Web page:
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We are struggling a little regarding the right implementation of JavaScript in our solution (APS.NET Webforms).

We want to have all (or at least as much as possible) of our javascript at the bottom of pages, according to best practice, so pages load HTML and CSS first and give a better user experience.

There is a lot of jQuery code throughout our project that is often specific to certain controls, so we don't want that to load on every page.

Currently jQuery itself, including jQuery UI are positioned at the top of pages, so that we can have jQuery usages in controls (either from js files or sometimes inline code), however, we want to move all that stuff down to the bottom of the page. We have already added a contentplaceholder ("JavascriptFooter") at the bottom of the page, so we can place javascript from pages in the footer of the page, but we're stuck on the controls.

What are best practices for this? Should we externalize all JS and in the JS check if a control is loaded? But then we will be showing too much stuff all the time. Or is there another way?

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1  
Why not defer the execution of the scripts until the DOM is ready? i.e. ($(function(){ ..On Ready Code Goes Here .. }); –  ctorx Sep 6 '12 at 15:33
    
($(function(){ console.log("Works?"); })); in the head throws the error $ is not defined, with jQuery initialized at the bottom. –  Richard Sep 7 '12 at 8:57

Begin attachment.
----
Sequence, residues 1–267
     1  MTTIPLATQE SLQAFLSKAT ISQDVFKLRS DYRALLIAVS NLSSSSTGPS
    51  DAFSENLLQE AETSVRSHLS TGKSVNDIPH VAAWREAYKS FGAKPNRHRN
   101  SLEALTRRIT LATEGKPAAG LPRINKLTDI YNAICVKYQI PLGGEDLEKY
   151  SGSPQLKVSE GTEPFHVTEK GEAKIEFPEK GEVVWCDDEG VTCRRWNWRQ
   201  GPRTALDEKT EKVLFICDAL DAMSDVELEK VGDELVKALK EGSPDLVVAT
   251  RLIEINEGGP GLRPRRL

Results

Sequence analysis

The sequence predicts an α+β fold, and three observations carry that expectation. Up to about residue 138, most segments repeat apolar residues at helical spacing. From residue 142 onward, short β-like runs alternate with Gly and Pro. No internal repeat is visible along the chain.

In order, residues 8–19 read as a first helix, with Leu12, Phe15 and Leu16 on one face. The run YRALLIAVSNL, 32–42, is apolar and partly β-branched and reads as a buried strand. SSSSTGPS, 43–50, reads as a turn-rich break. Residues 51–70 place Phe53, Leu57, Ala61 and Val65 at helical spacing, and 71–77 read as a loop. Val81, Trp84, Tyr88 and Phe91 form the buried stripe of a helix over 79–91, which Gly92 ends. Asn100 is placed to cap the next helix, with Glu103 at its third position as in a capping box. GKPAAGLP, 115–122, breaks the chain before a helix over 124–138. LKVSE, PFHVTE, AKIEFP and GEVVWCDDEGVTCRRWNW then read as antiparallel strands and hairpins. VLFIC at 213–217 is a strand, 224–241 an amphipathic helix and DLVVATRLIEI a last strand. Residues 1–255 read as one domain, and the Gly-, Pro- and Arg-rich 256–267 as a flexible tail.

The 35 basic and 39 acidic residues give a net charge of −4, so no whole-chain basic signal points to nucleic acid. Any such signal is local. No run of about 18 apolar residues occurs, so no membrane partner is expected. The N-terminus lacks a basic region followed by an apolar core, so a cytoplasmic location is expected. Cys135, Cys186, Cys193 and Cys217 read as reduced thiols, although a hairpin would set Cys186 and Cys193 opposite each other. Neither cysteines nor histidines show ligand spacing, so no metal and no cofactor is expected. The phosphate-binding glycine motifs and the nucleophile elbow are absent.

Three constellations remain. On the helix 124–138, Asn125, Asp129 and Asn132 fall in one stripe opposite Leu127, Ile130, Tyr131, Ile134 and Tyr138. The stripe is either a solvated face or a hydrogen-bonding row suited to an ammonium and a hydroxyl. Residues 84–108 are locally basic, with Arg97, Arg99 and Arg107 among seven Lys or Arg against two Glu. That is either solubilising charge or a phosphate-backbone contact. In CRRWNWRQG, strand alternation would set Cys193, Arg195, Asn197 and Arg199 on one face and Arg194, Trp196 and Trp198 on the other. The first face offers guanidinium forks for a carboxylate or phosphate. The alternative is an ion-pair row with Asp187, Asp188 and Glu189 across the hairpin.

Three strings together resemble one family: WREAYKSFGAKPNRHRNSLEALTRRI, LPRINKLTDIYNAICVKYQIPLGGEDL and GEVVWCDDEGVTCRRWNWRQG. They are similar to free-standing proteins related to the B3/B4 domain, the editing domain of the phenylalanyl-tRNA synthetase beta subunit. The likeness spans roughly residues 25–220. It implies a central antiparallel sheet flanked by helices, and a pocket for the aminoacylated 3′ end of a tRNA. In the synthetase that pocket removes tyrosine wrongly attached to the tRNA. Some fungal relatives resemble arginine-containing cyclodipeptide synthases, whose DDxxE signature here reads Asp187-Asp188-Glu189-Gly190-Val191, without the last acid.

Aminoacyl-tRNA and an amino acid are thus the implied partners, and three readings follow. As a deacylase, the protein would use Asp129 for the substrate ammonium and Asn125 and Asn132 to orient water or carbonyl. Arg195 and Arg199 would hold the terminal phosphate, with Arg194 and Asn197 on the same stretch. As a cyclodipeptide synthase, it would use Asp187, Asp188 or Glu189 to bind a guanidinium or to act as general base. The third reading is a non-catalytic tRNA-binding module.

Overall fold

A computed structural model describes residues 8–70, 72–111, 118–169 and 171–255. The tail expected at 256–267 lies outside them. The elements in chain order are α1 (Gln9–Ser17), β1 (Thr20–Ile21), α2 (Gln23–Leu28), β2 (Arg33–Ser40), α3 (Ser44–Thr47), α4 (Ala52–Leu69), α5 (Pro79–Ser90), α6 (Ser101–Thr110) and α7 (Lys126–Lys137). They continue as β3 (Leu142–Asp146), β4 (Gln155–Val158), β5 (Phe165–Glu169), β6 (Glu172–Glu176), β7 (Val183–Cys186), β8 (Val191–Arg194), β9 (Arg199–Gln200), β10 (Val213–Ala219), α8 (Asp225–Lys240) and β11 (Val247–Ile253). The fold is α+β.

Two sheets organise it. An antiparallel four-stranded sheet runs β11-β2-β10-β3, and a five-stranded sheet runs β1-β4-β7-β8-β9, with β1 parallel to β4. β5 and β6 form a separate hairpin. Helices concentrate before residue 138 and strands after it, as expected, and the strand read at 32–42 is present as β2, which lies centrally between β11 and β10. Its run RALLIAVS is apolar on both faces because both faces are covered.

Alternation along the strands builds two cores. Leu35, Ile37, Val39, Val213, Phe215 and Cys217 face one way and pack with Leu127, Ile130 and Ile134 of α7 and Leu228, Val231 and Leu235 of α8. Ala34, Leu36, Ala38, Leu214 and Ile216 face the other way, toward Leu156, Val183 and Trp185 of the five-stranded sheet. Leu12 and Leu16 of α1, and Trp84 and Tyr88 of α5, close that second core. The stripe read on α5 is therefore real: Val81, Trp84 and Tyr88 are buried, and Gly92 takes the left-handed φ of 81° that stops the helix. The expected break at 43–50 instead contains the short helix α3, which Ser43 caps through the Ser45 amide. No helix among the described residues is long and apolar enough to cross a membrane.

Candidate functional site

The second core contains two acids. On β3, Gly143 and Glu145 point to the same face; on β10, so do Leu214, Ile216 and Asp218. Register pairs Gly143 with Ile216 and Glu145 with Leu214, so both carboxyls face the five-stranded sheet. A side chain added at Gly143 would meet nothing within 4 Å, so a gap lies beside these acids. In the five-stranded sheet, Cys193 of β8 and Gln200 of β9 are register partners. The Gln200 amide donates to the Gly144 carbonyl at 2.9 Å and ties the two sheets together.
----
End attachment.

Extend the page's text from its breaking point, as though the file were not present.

You would need to include Jquery before you executed that script...and you could easily pull it in from a CDN like Google. I typically include Jquery in the head, from a CDN and everything else at the bottom. –  ctorx Sep 7 '12 at 15:27
    
Well that's the whole point of the tread. How do I put JS from controls in the footer, rather that putting jQuery at the top of the page. –  Richard Sep 8 '12 at 16:31
    
How do you want to add the JavaScript? Do you intend to do this within the markup of the control or the control code behind? –  ctorx Sep 8 '12 at 20:08

3 Answers 3

up vote 2 down vote accepted

First, I would suggest loading Jquery from a CDN. Here is the code for Google:

<script type="text/javascript">
    document.write(["\<script type='text/javascript' src='", 
    ("https:" == document.location.protocol) ? "https://" : "http://", 
    "ajax.googleapis.com/ajax/libs/jquery/1.7.2/jquery.min.js'>\<\/script>"].join(''));
</script>

That way, if the visitor has been served this on another site, it will already be cached. In addition, it will download in parallel as it is being delivered from a different host.

I also agree with @ctorx - you should use document ready execution.

In addition, you could use a ScriptManager and create all your control specific JS in the code behind of each control (probably a good idea anyways if that control is the only object utilizing that JS) - all this code renders at the bottom of the page.

Example:

Page pg = (Page)System.Web.HttpContext.Current.Handler; // or this.Page in .ascx
ScriptManager.RegisterStartupScript(pg, typeof(Page), "myJS", "[... your code ]", true);